If you do have your heart set on a handgun, what about a .38 Special revolver?

DENALI
December 29, 2007, 05:49 PM
Your only option based on your statements would be the Glock-25 and as far as .380's go you'll never do better......................

biscuitninja
December 29, 2007, 06:56 PM
Humm... good question. I'd probably look at Colt 1911 in Super .38. Anyways good luck
-bix

Gary in Pennsylvania
December 29, 2007, 07:01 PM
I would say a CZ-83, but it has a 3.5" barrel.

Doesn't matter. I'd still say it anyway. :cool:

golden
December 29, 2007, 07:55 PM
This was the old BROWNING 1910 with a 4.5 inch barrel and target sights. It was made in order to get around U.S. import restrictions against small handguns.

weisse52
December 29, 2007, 08:07 PM
IT would be helpful to know if the 380 is dictated becuause of a requrement for non-military. IF so, the 38 Super suggestion is excellent.

A 4" 380 is going to be hard to find....I think.

grimjaw
December 29, 2007, 09:05 PM
golden, I had totally forgotten the 1971, shame on me! That's the year I was born. ;)

jm

boalex207
December 29, 2007, 10:18 PM
GLOCK 25. Not available in the United States, but I gather you live abroad.

usp9
December 29, 2007, 10:49 PM
HK P7 K3 has a 4.1" barrel, but they're mighty hard to find. Maybe a threaded barrel for a Beretta 84f would suffice.

kannonfyre
December 30, 2007, 03:05 AM
To one and all:

The stipulation of a 4" barrel or more applies to all pistol possesion permits issued in Singapore. The police regard short barrelled pistols as CCW pieces and since CCW licenses are nearly IMPOSSIBLE to obtain, they refuse to approve a license of a short barreled revolver or pistol.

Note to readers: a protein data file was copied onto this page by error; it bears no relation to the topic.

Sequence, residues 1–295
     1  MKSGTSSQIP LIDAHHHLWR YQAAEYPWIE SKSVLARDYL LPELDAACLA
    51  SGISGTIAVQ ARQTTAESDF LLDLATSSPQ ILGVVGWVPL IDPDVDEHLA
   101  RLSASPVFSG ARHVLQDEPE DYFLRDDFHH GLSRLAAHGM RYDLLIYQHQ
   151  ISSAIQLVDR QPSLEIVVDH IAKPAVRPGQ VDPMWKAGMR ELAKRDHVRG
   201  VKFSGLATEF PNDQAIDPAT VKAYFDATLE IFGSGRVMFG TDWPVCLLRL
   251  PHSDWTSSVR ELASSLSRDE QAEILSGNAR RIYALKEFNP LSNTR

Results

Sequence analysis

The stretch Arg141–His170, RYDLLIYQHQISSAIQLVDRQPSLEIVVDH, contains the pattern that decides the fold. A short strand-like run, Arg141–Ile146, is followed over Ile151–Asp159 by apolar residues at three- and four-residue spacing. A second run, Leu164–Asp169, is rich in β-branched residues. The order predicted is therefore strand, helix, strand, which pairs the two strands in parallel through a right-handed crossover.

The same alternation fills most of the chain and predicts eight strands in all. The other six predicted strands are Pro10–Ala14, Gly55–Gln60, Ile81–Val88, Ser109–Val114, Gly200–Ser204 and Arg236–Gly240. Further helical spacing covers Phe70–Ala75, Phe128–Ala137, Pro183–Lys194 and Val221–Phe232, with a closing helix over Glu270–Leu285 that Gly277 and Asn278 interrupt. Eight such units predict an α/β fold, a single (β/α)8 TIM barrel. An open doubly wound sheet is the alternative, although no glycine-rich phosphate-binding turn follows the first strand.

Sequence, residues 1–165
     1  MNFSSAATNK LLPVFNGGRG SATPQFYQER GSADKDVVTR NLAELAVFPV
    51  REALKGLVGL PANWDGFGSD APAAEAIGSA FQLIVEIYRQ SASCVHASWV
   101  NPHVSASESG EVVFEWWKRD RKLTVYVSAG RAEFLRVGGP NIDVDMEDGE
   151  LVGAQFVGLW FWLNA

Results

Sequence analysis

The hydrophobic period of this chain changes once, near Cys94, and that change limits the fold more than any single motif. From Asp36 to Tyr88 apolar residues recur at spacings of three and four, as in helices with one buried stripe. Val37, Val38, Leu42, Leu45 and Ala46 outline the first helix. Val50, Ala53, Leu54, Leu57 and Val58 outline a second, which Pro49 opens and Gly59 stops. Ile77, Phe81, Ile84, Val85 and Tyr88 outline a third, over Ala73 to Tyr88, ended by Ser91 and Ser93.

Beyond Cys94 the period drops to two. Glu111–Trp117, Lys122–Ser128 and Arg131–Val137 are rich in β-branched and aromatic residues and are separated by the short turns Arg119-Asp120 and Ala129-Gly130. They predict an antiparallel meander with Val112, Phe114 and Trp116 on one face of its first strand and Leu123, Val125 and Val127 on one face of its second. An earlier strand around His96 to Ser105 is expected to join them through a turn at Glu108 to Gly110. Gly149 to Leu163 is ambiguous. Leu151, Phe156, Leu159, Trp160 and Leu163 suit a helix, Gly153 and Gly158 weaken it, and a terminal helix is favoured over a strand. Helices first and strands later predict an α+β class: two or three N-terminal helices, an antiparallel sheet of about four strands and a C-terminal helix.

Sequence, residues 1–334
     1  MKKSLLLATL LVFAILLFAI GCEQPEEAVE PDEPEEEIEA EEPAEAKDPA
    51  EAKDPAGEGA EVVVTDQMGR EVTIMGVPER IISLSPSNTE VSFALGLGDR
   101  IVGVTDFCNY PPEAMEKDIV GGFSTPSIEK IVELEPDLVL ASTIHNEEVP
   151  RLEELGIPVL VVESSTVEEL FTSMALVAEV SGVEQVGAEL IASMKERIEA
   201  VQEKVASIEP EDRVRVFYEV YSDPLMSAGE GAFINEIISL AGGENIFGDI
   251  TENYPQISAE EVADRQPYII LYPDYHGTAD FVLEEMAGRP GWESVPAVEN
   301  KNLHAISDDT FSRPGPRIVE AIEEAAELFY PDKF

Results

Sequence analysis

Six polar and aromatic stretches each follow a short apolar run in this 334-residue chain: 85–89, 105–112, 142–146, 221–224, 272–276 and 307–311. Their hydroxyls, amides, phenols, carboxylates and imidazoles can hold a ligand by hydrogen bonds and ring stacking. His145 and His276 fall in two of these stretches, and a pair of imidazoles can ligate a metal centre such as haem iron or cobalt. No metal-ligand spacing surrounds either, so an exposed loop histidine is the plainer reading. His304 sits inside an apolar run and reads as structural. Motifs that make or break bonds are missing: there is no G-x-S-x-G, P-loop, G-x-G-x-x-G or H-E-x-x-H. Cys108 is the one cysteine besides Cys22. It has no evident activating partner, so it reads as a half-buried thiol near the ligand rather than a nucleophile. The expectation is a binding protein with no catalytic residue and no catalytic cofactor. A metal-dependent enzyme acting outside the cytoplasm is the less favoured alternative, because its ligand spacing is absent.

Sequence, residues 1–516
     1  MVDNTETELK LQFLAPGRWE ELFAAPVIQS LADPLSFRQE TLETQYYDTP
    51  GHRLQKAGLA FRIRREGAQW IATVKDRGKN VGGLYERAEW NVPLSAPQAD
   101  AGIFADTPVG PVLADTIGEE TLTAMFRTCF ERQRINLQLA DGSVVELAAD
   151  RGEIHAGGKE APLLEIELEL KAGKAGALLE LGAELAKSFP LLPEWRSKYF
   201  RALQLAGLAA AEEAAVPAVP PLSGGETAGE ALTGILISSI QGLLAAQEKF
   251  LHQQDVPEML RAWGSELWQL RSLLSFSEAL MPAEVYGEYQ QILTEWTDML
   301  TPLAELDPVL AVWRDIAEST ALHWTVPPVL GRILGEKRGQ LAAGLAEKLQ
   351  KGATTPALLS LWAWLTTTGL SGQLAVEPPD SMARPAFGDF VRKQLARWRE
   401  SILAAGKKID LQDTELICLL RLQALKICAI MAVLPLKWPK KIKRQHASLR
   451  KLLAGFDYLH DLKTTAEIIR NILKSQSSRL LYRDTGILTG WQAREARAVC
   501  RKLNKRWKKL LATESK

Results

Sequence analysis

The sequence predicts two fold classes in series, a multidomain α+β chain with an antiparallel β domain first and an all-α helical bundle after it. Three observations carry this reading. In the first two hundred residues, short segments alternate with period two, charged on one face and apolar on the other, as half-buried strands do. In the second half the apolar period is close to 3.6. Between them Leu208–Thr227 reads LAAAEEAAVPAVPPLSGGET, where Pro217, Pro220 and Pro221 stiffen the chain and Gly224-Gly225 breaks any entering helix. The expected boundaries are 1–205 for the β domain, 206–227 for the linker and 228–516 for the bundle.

No, there is no non military calibers only stipulation. Some folks here, after shelling out major license fees and waiting many weeks have gotten permission for the occasional 9mm, .40S+W and .45ACP handgun strictly for IPSC use only (race gun models).

The reason I have asked for a .380 auto full sized handgun is that I shoot best with handguns averaging about 200ft/lbs of muzzle energy or slightly less. Hence, i'm looking for a self shucking handgun that can manage decent double or tripple taps at 15 yards w/o the shooter having to practice like a maniac or be built like a pro wrestler.

To all who would ask me to consider a heavy 9mm pistol:

Been there done that 1 year ago. I can manage a 4" group under slow fire conditions at 15 yards but when double taps are attempted, the groups can best be described as "minute of FAT BLOATED couch potato". I shot a walther P88 but even with a CZ-85, the double tap groups were only slightly better.

The Lone Haranguer
December 30, 2007, 06:12 PM
Beretta 86 - 4.375 inches. (I have one, as well as a caliper.)

MachIVshooter
December 30, 2007, 09:27 PM